So we won’t find any accurate information about PATH charges to WV rate payers in the PSC order.
For that, we need to go to what is, in effect, the FirstEnergy application for their rate increase. To begin a new rate case, a power company files a letter supported by testimony by its employees detailing why they want to raise rates. In this case, FirstEnergy subsidiaries Monongahela Power and Potomac Edison filed this testimony on September 1, 2011. FirstEnergy Director of Rates and Regulatory Affairs for the two power companies, Kevin Wise, presented a number of spreadsheets detailing the past costs for which FirstEnergy wanted to recover adjustments, as well as projected costs for the calendar year 2012.
Here is a link to the FirstEnergy rate filing from September 1. Mr. Wise’s testimony begins on page 80 of the .pdf document (not the page number of the testimony document). In his testimony, Mr. Wise refers to several appendixes which detail the costs he wants rate payers to pay. These appendixes tell the tale.
Keep in mind that the WV PSC, in its final order in the TrAIL power line case, prevented FirstEnergy from recovering any of the costs charged by PJM for the TrAIL line for a period of seven years starting in 2008. Those costs are shown on the spreadsheets but are specifically excluded from the rate increase request.
However, in the expenses for the “review period” for which FirstEnergy wants adjustments to be counted toward the new rate increase, there is an expense called “Non-TrAIL Project Transmission Enhancement Expense.” If you can get over the “enhancement” propaganda claim, you will note that the total expense for the July 2009 to June 2010 review period in this category is $5,505,193 which FirstEnergy wants to include in the rate calculations for its Mon Power and Potomac Edison customers.
The same non-TrAIL expense line appears in FirstEnergy’s forecast for the full 2012 calendar year. The 2012 forecast expense in this category is $1,426,220. Unlike the other spreadsheets, this expense is listed with an account number 565467. The curious thing about the forecast spreadsheet, which you can see on page 293 of the .pdf document, is that for the first time an expense called “Transmission Enhancement Charges PATH,” account number 565465, appears on the spreadsheets. The projected amount for this item for 2012 is $442,830.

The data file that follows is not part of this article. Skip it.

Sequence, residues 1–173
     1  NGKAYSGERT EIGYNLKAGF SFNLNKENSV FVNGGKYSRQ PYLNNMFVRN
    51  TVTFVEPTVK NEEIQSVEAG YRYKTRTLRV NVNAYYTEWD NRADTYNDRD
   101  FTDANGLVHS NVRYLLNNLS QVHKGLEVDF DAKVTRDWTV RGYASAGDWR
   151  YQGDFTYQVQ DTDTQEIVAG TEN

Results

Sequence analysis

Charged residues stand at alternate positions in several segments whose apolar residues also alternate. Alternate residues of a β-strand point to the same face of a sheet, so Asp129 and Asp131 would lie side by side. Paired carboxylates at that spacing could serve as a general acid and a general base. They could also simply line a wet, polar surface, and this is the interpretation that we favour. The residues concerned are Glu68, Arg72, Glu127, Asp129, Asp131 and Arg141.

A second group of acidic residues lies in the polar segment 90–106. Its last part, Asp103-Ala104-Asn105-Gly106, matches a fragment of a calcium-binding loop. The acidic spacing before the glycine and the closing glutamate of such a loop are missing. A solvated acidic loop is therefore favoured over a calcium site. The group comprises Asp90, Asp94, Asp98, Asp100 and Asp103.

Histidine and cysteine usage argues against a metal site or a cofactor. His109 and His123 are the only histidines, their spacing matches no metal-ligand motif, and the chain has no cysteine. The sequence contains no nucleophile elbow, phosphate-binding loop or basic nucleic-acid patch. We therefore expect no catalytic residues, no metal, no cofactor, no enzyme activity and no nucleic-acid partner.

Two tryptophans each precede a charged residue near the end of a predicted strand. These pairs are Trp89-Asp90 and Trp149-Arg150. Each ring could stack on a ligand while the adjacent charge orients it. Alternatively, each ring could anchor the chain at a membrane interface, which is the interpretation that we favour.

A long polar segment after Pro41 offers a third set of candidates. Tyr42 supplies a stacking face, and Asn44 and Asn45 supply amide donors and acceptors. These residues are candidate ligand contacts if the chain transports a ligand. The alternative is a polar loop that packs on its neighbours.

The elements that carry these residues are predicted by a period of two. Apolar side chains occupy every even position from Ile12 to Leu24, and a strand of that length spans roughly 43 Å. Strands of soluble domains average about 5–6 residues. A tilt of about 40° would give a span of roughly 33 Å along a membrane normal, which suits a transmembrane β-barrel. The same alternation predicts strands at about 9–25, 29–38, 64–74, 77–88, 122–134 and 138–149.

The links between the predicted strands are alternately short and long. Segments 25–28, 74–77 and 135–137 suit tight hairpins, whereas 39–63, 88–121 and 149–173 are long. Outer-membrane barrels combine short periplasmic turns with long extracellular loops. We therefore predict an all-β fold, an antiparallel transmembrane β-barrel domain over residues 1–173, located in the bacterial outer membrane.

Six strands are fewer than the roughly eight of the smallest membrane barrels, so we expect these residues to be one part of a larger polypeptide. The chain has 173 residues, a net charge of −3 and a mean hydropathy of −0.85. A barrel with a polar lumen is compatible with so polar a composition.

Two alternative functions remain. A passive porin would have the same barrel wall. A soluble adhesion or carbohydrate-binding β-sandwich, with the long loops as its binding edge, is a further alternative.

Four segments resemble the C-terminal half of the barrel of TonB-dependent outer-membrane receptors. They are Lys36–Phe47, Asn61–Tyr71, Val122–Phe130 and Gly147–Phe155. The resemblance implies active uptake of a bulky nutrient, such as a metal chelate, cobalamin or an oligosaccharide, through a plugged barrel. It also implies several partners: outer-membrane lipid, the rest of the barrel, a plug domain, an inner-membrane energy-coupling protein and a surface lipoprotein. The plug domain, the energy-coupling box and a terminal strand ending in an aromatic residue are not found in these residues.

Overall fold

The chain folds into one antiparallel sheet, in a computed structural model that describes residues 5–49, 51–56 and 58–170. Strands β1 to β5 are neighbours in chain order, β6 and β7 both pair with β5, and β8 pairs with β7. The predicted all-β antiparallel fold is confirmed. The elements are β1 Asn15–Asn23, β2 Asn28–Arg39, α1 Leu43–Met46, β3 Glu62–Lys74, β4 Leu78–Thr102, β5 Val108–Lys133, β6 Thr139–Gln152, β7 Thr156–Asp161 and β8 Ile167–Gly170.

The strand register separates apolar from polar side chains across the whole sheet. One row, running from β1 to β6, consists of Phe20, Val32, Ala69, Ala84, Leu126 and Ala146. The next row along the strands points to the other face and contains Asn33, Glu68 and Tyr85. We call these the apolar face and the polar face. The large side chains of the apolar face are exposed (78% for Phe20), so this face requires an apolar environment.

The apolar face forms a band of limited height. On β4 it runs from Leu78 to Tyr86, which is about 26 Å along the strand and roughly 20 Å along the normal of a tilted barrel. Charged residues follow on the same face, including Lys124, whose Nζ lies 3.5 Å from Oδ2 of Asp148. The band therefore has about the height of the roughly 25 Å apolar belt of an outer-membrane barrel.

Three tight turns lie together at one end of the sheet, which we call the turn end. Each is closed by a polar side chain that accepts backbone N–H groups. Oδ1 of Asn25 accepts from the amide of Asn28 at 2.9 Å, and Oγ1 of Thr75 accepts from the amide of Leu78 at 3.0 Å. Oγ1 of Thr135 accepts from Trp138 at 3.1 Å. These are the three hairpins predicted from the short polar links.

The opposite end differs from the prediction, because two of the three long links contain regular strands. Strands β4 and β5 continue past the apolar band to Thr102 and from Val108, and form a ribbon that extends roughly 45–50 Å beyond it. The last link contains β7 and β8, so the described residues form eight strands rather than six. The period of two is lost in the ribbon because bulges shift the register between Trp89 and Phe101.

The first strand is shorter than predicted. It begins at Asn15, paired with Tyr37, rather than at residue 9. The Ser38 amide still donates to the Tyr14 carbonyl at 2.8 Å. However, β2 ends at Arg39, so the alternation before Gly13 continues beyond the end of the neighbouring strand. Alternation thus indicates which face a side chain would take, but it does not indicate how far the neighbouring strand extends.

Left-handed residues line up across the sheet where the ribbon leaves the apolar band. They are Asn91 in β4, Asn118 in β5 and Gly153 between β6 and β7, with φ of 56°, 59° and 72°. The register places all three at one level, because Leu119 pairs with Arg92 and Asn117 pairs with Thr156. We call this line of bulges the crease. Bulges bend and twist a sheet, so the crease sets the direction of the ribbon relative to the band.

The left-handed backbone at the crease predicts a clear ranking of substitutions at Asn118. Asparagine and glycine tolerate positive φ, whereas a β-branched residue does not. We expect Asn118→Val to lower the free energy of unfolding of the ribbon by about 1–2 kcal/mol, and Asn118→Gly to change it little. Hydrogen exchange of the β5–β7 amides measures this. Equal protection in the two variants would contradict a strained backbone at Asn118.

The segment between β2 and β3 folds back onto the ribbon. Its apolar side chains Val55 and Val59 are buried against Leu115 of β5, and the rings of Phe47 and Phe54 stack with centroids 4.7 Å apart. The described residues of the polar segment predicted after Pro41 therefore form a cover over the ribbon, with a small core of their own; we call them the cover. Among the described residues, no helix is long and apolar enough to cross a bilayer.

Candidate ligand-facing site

It is not clear, because FirstEnergy’s accounting system is not consistent, and Mr. Wise provides no explanation, whether or not PATH charges were included in the Non-TrAIL Project Transmission Enhancement Expense from July 2009 to June 2011. The power companies may have hidden the expenses that PJM charged them for PATH in this larger account before 2012, but the $442,830 PATH expense is clearly set out in the 2012 projection.
The PJM Interconnection charges for PATH include all costs recoverable under FERC protocols, including profit, return on investment, salaries and other overhead expenses for the PATH project. Because these costs are recovered as part of the recent ENEC case, it is simply false to claim that these kinds of costs are not passed on to rate payers in ENEC cases. That may have been true at some point in the past, but it is certainly not true any more.